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Vol. 30 No. 3
May-June 2008

Making an imPACt | Recent IUPAC technical reports and recommendations that affect the many fields of pure and applied chemistry.
See also www.iupac.org/publications/pac

Chemists and “The Public”: IUPAC’s Role in Achieving Mutual Understanding (IUPAC Technical Report)
Peter Mahaffy, Anthony Ashmore, Bob Bucat, Choon Do, and Megan Rosborough
Pure and Applied Chemistry, 2008
Vol. 80, No. 1, pp. 161–174
doi:10.1351/pac200880010161

This report informs IUPAC’s efforts to enhance the public understanding of and appreciation for chemistry by evaluating IUPAC’s mandate, strengths, and weaknesses, and providing insights from a substantial review of the relevant science communication literature. It summarizes the recommendations of an IUPAC project whose overall goal is to provide a framework that will bring the same level of intellectual rigor to IUPAC’s science communication activities as to its scientific activities. This implies that careful attention must be paid to the terminology used to describe these activities, to clear articulation of goals and motives for public understanding of chemistry initiatives, and to inclusion of rigorous evaluations of outcomes from the outset in the design of projects on the public understanding of chemistry.

Informed by our analysis of best practices for science communication, this report provides the following conclusions and recommendations:

  1. IUPAC has an important role to play in enhancing public understanding of chemistry.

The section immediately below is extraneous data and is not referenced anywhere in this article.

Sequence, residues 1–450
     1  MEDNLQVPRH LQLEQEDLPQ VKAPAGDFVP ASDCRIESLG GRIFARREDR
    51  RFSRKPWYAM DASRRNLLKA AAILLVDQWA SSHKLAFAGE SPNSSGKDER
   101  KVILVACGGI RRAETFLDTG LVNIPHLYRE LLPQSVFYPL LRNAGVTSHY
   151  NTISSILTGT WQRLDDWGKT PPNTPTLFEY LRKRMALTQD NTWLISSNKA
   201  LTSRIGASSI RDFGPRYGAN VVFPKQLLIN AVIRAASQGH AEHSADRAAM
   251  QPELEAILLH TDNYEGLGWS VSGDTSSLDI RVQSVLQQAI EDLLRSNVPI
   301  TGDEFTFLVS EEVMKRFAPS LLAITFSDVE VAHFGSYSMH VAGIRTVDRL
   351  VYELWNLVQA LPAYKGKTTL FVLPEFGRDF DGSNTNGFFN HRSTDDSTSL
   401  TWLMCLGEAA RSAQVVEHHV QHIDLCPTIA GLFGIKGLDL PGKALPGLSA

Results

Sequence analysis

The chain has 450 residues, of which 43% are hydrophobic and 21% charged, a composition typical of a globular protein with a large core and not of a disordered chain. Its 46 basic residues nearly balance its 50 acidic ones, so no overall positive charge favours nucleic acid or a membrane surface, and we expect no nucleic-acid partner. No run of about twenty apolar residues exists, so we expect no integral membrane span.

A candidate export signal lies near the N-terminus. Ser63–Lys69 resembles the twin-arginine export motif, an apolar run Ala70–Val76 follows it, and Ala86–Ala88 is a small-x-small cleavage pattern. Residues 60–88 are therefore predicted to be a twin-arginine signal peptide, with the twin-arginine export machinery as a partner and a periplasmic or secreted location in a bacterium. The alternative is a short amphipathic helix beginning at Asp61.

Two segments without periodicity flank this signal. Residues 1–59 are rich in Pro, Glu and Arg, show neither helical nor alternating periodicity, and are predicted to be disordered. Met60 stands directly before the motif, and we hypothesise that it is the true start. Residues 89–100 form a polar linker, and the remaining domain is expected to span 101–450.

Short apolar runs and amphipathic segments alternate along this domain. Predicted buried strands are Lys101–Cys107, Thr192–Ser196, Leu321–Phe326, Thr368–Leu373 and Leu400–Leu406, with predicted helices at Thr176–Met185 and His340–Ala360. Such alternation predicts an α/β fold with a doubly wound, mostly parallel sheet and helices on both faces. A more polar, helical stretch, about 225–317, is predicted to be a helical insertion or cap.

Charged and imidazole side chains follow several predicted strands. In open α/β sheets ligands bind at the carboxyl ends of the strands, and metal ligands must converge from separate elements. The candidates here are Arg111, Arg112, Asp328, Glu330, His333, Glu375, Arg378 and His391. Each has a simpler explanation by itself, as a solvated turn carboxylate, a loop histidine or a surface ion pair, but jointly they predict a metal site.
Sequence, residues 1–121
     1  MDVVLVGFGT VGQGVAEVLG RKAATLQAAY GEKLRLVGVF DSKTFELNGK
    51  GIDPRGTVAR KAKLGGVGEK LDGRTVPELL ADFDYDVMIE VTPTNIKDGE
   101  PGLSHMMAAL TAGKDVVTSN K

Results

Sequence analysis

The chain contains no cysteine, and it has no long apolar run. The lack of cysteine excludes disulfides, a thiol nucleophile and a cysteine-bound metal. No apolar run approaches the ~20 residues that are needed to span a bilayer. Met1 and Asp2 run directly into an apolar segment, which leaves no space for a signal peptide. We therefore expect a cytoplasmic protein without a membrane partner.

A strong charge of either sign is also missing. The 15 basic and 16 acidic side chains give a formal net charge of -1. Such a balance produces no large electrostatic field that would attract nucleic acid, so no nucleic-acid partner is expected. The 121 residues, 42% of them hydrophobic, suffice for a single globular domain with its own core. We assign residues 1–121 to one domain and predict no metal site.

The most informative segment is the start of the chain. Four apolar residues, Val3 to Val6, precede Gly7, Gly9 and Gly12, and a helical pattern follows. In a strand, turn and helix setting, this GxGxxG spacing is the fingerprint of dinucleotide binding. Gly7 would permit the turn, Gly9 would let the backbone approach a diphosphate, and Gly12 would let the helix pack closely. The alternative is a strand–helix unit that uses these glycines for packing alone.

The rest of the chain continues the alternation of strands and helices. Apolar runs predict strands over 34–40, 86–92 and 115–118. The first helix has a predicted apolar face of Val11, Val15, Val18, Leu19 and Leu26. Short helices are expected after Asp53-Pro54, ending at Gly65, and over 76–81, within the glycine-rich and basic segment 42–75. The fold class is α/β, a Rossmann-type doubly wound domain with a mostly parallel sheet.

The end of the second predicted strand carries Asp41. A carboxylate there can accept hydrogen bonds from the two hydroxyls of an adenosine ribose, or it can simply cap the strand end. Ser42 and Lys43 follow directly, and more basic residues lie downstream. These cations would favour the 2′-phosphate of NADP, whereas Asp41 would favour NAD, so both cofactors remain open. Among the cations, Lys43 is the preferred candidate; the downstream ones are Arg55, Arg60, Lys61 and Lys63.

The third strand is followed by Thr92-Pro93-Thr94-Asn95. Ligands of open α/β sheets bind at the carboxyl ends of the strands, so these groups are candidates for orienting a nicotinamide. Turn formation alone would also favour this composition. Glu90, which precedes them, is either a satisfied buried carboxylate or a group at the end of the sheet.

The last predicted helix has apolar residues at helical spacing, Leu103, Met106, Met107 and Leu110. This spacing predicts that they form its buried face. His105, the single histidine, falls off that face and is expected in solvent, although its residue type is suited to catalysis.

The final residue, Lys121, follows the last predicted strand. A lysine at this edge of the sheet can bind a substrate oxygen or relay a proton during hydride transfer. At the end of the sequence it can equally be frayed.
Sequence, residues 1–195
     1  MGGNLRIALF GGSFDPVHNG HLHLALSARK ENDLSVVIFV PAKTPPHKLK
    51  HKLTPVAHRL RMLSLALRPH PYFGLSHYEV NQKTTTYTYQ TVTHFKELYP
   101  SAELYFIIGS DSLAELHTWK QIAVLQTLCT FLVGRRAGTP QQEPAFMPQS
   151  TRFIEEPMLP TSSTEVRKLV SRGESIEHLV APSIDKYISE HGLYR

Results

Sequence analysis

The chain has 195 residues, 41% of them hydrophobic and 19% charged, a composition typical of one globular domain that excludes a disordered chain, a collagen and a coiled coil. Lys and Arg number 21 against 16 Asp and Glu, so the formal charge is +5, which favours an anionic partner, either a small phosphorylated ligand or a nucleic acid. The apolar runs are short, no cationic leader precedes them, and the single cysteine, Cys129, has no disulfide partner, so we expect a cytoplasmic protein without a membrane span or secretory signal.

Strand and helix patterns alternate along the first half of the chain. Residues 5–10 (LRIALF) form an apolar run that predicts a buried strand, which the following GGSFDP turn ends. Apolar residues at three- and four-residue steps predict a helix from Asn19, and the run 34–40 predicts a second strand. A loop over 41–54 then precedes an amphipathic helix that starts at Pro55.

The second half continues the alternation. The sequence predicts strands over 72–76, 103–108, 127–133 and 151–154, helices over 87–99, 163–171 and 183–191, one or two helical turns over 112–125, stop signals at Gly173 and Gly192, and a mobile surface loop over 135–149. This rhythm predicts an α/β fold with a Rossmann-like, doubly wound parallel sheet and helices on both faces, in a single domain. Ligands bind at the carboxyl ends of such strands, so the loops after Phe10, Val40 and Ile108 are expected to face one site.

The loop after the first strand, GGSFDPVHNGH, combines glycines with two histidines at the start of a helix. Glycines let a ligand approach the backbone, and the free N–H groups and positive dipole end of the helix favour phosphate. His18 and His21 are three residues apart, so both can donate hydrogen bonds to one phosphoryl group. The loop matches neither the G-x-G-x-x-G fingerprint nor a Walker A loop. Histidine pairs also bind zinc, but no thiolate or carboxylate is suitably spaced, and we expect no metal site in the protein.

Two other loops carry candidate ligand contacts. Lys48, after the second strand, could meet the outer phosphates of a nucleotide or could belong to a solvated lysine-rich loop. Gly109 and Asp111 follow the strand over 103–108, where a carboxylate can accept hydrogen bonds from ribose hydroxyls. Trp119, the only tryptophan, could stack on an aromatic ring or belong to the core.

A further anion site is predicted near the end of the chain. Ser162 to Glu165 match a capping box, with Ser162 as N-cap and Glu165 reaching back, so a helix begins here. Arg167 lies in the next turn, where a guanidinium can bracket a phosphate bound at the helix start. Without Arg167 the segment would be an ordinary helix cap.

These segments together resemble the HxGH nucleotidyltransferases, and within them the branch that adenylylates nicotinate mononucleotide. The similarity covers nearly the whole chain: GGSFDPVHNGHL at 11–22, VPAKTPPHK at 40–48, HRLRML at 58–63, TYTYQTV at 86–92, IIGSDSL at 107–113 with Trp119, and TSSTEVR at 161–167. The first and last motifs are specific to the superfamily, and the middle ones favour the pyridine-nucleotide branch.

2. Public understanding of chemistry activities aimed at supporting teachers and students within the formal school system are more effective than those aimed at the general public.
  3. IUPAC’s primary targeted public should be IUPAC chemists and educators, and IUPAC’s most important role is to help them understand and work with a variety of other publics.
  4. It is proposed that IUPAC’s niche be to focus on activities that indirectly enhance public understanding, such as:
    (a) helping scientists identify and understand their publics
    (b) influencing international organizations
    (c) supporting science education systems, particularly in countries in transition
    (d) supporting scientists and educators by communicating relevant findings from IUPAC projects, conferences, and activities at an appropriate level
    (e) supporting national chemical societies and other organizations
  5. Recommendations are presented for steps to be undertaken by IUPAC to implement these recommendations and to develop a clearer strategy for public understanding of chemistry initiatives and activities.

www.iupac.org/publications/pac/80/1/0161


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